In follow up to my post on National Mead Day, I reached out to Sean Bailey, owner and mead maker at Fat Friar’s, to learn more about his business, mead making in general, and what makes Maine special to him and his family.

While I won’t get to try mead for the first time for about another week (product reviews will follow then!), I’m too enthusiastic about Sean’s business and this post to wait until then to share it.

A Maine native, Sean’s interest in creating alcoholic beverages has its roots in his time as a serviceman – first in the Air Force, and again later in the Army.  During those years, he was stationed in Germany and through his enjoyment of German beer, became interested in brewing it – he also met his wife, Dorothy, there, so you could say two loves were found overseas.

He tried a beer making kit of his father’s, but refers to the results as a “crime against beer,” so Sean shifted his focus to wine making, exploring various fruit wines including blackberry and dandelion.  These trials met with greater success, and when he first experienced honey wine, or honey schnapps (or mead), during a festival in Germany, his enthusiasm for mead making had him investing in a book, directions, and equipment.  With the investment of time and resources, Sean says he became much, much better at the art of making mead.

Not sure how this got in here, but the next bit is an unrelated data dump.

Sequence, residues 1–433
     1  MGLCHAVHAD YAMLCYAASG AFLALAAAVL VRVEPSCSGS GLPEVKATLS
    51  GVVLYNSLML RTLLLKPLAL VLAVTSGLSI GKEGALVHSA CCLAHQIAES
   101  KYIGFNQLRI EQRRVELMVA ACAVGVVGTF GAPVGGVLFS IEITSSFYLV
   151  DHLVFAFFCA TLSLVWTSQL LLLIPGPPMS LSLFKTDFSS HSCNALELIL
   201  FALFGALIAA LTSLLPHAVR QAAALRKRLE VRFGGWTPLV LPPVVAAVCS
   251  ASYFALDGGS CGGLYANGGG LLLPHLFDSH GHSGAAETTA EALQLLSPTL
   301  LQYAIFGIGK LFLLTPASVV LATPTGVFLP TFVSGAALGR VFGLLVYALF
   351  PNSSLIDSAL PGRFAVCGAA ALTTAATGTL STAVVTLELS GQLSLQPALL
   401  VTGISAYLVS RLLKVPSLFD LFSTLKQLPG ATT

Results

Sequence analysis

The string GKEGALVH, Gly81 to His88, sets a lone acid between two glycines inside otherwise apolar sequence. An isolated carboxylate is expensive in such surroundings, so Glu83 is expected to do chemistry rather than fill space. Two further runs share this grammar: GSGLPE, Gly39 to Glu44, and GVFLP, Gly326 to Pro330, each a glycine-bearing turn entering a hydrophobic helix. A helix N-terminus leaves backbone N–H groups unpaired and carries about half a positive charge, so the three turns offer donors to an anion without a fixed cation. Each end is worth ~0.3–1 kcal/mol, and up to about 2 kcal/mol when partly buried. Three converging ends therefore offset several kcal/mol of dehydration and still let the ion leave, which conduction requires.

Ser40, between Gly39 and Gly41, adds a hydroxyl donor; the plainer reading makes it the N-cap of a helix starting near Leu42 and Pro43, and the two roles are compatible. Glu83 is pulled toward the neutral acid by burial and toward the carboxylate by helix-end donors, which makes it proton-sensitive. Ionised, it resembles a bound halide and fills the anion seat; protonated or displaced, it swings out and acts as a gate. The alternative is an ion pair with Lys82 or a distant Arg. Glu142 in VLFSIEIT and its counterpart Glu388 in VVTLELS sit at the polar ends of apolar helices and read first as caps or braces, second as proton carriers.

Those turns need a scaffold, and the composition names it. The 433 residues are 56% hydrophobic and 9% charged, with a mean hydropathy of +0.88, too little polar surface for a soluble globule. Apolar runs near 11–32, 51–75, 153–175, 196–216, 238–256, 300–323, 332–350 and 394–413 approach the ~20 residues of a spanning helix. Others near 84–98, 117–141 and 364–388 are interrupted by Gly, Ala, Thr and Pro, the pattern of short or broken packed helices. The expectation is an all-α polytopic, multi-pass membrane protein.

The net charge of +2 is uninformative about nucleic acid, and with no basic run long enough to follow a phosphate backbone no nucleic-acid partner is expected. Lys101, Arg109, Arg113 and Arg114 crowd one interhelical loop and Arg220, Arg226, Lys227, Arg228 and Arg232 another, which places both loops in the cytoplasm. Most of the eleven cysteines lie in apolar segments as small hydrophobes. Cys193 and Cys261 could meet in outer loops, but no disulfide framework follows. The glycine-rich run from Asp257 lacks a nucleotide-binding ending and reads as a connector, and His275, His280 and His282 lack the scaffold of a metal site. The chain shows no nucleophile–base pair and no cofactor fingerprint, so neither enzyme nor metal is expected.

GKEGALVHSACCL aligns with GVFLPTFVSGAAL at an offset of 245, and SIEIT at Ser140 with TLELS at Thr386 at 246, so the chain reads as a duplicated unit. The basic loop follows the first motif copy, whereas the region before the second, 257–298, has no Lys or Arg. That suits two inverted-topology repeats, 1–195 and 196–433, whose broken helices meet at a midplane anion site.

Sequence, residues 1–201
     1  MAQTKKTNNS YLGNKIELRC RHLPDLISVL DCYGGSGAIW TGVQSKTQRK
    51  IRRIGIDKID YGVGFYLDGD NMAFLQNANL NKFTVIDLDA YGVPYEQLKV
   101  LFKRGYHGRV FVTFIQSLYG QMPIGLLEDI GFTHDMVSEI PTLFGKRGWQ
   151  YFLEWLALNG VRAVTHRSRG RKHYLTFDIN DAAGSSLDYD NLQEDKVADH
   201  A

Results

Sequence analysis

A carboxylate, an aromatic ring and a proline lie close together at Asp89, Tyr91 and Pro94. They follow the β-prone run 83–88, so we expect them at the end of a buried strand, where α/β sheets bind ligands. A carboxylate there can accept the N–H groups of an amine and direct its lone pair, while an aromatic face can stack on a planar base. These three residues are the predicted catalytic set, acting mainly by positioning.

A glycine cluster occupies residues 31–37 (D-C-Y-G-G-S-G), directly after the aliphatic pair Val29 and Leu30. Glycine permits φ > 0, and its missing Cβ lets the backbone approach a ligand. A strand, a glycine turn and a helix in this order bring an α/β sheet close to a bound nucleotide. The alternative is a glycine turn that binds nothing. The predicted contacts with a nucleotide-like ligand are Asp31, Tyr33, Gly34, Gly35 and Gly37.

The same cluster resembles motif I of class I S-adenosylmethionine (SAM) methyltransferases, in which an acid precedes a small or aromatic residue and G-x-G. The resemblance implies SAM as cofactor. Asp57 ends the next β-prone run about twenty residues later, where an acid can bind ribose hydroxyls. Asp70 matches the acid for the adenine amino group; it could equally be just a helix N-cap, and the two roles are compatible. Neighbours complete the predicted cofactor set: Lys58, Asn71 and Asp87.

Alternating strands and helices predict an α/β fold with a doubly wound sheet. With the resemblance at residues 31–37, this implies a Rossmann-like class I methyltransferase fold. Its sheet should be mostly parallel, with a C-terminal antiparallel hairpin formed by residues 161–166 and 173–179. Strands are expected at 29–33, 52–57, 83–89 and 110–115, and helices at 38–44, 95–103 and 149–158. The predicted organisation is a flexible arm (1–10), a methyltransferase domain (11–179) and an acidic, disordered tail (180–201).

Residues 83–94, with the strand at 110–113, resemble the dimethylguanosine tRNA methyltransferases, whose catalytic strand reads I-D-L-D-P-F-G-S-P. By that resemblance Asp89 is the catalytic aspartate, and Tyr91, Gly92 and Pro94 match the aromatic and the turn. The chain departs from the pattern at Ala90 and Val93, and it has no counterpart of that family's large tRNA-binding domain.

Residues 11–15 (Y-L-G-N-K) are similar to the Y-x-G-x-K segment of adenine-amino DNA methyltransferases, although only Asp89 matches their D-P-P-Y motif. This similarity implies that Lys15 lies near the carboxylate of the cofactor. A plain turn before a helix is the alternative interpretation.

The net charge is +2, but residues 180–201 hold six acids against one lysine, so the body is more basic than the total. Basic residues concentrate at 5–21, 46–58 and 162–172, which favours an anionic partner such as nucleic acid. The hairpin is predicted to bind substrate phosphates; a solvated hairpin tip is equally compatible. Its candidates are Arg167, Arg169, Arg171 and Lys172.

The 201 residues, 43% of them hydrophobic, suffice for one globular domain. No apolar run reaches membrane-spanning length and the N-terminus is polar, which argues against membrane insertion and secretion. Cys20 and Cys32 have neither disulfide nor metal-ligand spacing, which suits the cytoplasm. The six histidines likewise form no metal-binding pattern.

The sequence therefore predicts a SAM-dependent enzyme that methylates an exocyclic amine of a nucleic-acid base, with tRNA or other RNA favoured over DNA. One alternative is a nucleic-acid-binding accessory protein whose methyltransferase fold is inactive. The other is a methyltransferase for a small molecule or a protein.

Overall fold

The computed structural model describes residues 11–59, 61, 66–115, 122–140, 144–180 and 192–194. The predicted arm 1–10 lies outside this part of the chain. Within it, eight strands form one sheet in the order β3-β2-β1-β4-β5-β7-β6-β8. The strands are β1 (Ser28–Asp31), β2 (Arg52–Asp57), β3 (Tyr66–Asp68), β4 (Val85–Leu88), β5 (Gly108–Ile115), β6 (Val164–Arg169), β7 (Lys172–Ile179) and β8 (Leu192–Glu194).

After leaving the military, Sean and Dorothy moved back to Newcastle, Maine. Sean began working in corrections, and following a particularly challenging work day, he popped open a bottle of his homemade mead and thought, “Gosh, I wish I could do this for a living.”  At this point in our conversation, Sean told me about the military motto that originated with the British Special Air Service – “Who Dares, Wins.”  He said this was the motto that sprang into his mind that evening – and so, he dared.

He began the laborious, time-consuming process of obtaining licenses and navigating red tape, and upon completion, made his first sale to the Country Store in Newcastle.  He says he was so excited, he left without receiving payment – and had to go back for it.